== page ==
The state's top government watchdog has opened an investigation into a report that the Minnesota Department of Human Services (DHS) overpaid two Indian bands approximately $25 million for substance-abuse treatment.

Legislative Auditor James Nobles said Thursday that his office — an independent, nonpartisan arm of the Legislature — is exploring the cause of the overpayments, when they began, why they were not discovered earlier and who was responsible. He said DHS notified his office of the overpayments about 10 days ago.

The alleged overpayments were made to the Leech Lake Band of Ojibwe and the White Earth Nation to provide Suboxone, a medication used to treat opioid dependency, he said.

"This is serious," Nobles said. "It's not only a lot of money, but it's a lot of money for a specific service to a specific and a very small set of vendors."

In a written statement, Gov. Tim Walz said the problem was corrected in May and that the overpayments have stopped. "We are now taking a deeper dive to figure out the root of this issue and help ensure nothing like it happens again," Walz said. "In order to do this, we brought the issue to the Office of the Legislative Auditor."

Both bands said there has been a rush to judgment by state officials and that they were not fully consulted. Leech Lake officials directly denied that the band had been overpaid.

In an interview Thursday, Acting Human Services Commissioner Pam Wheelock said the agency first learned of the issue this year, when an employee from another band asked the agency about billing procedures for addiction treatment medications.

A subsequent audit determined that the two bands were billing the state's Medicaid insurance program at the higher rate for in-clinic treatment, when in fact the patients were taking the medications at home.

"Reimbursement for self-administered medication does not meet the criteria of a face-to-face visit" and does not qualify for a higher Medicaid payment, then-Commissioner Tony Lourey told White Earth in a May 1 letter.

"This was acted on immediately ... and it has moved forward in an expedited fashion," Wheelock said.

In letters sent late Thursday, DHS told Leech Lake that it owed $13.3 million and that White Earth owed $12 million.

DHS has notified federal health care officials about the potential overpayments and by law must reimburse the federal government. In turn, the state will seek repayment from the tribes once its investigation is completed. The money for the program comes solely from federal funds.

The alleged overpayments stretch back to 2014 for the Leech Lake Band and started in 2017 at White Earth.

In a statement late Thursday, the Leech Lake Band said it had followed billing procedures under agreements and guidance from DHS officials. The band "steadfastly refutes ... allegations" that it was overpaid, officials said in a statement, adding that it would "vigorously appeal any determination that it was improperly overpaid."

"We know this discussion is ongoing," said Leech Lake Chairman Faron Jackson, "but so far we do not feel DHS has meaningfully consulted with us on this issue."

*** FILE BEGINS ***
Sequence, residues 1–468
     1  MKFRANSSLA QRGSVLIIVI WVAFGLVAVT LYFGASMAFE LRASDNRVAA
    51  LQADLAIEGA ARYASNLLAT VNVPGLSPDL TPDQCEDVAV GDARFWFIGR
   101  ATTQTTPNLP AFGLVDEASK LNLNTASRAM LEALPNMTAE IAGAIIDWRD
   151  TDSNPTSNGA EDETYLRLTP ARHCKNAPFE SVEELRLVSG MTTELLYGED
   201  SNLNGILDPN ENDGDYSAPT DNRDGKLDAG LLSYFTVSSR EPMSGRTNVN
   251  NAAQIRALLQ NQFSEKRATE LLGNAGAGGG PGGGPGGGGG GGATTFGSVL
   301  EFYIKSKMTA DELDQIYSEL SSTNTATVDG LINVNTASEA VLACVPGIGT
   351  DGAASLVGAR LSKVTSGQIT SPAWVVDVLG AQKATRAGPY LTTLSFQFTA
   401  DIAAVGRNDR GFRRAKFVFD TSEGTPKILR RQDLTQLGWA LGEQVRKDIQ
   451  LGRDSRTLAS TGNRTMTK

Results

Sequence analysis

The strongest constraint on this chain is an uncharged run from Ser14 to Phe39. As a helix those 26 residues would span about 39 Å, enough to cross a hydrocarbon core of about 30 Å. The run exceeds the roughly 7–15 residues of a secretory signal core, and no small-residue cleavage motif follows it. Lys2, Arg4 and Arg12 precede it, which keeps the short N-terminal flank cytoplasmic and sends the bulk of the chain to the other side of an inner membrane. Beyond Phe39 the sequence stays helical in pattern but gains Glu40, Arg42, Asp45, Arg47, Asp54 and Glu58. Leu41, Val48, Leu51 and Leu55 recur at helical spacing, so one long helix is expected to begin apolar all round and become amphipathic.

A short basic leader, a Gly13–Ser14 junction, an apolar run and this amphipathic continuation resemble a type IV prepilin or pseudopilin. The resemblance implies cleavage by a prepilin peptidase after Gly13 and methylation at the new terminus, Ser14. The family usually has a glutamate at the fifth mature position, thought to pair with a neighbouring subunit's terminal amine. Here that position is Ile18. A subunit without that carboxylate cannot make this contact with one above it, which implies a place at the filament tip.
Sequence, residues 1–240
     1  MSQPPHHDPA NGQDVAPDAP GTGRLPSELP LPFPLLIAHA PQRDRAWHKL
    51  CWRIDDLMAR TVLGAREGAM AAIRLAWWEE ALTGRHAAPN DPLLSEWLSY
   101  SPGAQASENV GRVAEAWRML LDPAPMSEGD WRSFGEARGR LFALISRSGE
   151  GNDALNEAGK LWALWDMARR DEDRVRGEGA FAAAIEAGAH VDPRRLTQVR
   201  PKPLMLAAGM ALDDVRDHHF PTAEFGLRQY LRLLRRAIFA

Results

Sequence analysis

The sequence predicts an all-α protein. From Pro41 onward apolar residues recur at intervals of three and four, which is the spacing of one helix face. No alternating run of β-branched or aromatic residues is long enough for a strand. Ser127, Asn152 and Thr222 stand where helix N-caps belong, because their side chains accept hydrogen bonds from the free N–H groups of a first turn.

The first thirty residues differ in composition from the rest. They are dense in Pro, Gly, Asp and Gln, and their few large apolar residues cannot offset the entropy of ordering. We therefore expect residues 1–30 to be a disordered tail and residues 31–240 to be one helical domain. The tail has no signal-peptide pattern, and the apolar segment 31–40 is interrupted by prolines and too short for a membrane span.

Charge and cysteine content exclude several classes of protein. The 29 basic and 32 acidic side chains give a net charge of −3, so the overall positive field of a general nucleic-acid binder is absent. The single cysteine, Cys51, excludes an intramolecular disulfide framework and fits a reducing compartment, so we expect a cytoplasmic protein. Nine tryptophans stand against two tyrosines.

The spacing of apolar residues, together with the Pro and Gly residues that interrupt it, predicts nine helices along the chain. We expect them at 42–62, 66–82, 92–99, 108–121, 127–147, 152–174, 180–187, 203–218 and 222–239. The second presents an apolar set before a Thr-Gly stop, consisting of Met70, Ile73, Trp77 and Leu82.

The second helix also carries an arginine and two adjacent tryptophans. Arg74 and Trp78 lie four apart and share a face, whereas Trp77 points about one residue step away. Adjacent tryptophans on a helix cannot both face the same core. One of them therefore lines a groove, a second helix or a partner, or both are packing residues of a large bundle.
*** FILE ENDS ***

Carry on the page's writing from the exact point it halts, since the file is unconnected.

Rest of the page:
The White Earth Nation said it would work with DHS but added that it was "deeply troubled by the lack of meaningful consultation on this issue."

In a written statement, the band said it had initiated an audit of its substance-abuse treatment program in 2018, and that some employees responsible for billing the Medicaid program had resigned "amid the audits." It also said the band's behavioral health director has been placed on investigative suspension.

But it added that DHS and other state officials were involved in designing the billing arrangements that resulted in overpayments. "The situation calls for shared responsibility," said White Earth Vice Chairman Eugene Tibbetts.

Wheelock said it's unclear whether DHS employees played a role in the overpayments, an issue that the Legislative Auditor would address.

At the agency's request, the band has stopped billing Medicaid for the specific treatment program in question. Tribal officials expect to see a significant drop in revenue for addiction treatment as well as the possibility of paying back $11 million that DHS claims was overpaid.

In the meantime, the band said it is taking steps to keep its addiction programs operating.

Turmoil at DHS

The embarrassing revelation comes amid head-spinning turmoil within the leadership ranks of the mammoth social service agency and other reports of financial mismanagement. Lourey and his chief of staff resigned abruptly last month, following the resignations of his top two deputies, who have since rescinded their resignations. Walz has appointed Wheelock — who has an extensive résumé in the private, nonprofit and government sectors — to serve as acting commissioner. No definitive reasons have been given for the spate of resignations.

Minnesota Republicans immediately condemned the overpayments, and renewed their calls for legislative hearings into problems at DHS and for restructuring the sprawling social services agency, which has a $17.5 billion budget and serves 1.2 million people.

Sen. Michelle Benson, a Republican from Ham Lake and chairwoman of the committee that oversees DHS spending, said the years of overpayments point to "deeper, cultural problems and dysfunction" at the state agency. Like a number of other prominent lawmakers, Benson believes the agency has become too large to manage and needs to be broken up into smaller units.

At the same time, Benson cautioned against a rush to fault the two tribes for collecting Medicaid payments that appear to have been authorized by DHS. She plans to call legislative hearings on the overpayments later this summer. "At this point, we don't have a reason to blame the tribes," she said. "This falls squarely on the folks at DHS who determine payments."

Chris Serres • 612-673-4308 Twitter: @chrisserres